Kizuna West

A bit more on the Big Society. I mentioned that Rory Stewart wants faster broadband for his constituents in rural Cumbria. Now Rory is a decent guy – I knew him at school – but I don’t think he’s on to anything much with his play to relate the issue of rural broadband provision to Cameron’s Big Society. We might eventually end up with better broadband in Cumbria, but we’ll have gotten there by the hard road: the plan doesn’t do much for the idea of little platoons. The Guardian has a bit more about how Stewart describes his project. Apparently there are three components to it:

1) The government part. The government is going to open up its public infrastructure. It is going to allow us into the fibre optics thick pipes that run to the schools. It is going to put pressure on Network Rail to let us into the thick pipes that run along the Carlisle Settle line.

2) We, as communities, will get a very small government subsidy equivalent to what they would have given us in terms of their universal service commitment. You roll out a parish pump which is to say you go into that thick pipe at your school or on the railway and you bring out a little fibre optic cabinet. Then, and this is the key point, the parish comes and puts together its own plan to get the stuff from the parish pump into their home.
Many of our communities will want to go for fibre optics to the home so they can have super fast stuff. Others will be content to put a wireless hub on top of the pump that will give them two megabytes.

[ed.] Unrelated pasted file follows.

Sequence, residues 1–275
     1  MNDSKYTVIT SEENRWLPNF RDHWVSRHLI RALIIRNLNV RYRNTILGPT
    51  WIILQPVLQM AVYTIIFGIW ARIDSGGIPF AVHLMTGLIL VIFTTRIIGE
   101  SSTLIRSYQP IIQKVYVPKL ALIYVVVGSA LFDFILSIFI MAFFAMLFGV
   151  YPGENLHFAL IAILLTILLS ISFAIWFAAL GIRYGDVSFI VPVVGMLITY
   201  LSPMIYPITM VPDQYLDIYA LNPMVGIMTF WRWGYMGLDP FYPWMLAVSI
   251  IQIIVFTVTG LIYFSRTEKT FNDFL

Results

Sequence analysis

3) The final government support for the community is to provide a loan. If it costs a £1,000 to put broadband into your house, if you have a soft loan over 15 to 20 years that is only costing you £50 a year.

Now there’s not quite enough technical detail here to comment on viability. What we can do, though, is make a quick comparison with the way Japan has set about solving the same problem. In 2008, JAXA launched a satellite – Kizuna – which allows any rural Japanese household to connect to the internet at 155 Mbps download and 6 Mbps upload. That’s the domestic transmission rate. Small businesses get 1.2 Gbps download. Compare this with the default 2 Mbps rate mentioned in the Cumbrian plan. Note, that’s megabits. Rural Japanese already get between 75 to 600 times the data rate planned for Cumbria, once the parish meetings are held, and the thousand small disagreements about what to do have gotten thrashed out.

In terms of subscriber requirements, the Japanese subscribers only need to install a satellite dish (45 cm at the lower data rate) to get connected. The Cumbrians are expected to raise loans to get cables laid to their houses (note: wouldn’t line of sight microwave be better in some cases?).

In terms of scope and timescale: Kizuna gave coverage to the whole country from launch day onwards. The Eden Valley Big Society plan, once implemented, will cover part of one county of England.

The talk of parish pumps and railway lines is charming, but I think it’s a shame to be literally parochial about something like this. There are situations where a society needs to amass all of its resources to be effective. Communications infrastructure is one of those situations. What’s more, investment in satellites, specifically, is consistent with fiscal stimulus as generally understood (there are British satellite manufacturers). The Big Society talk is surely better saved for the human-to-human stuff, if we’re going to hear about it at all.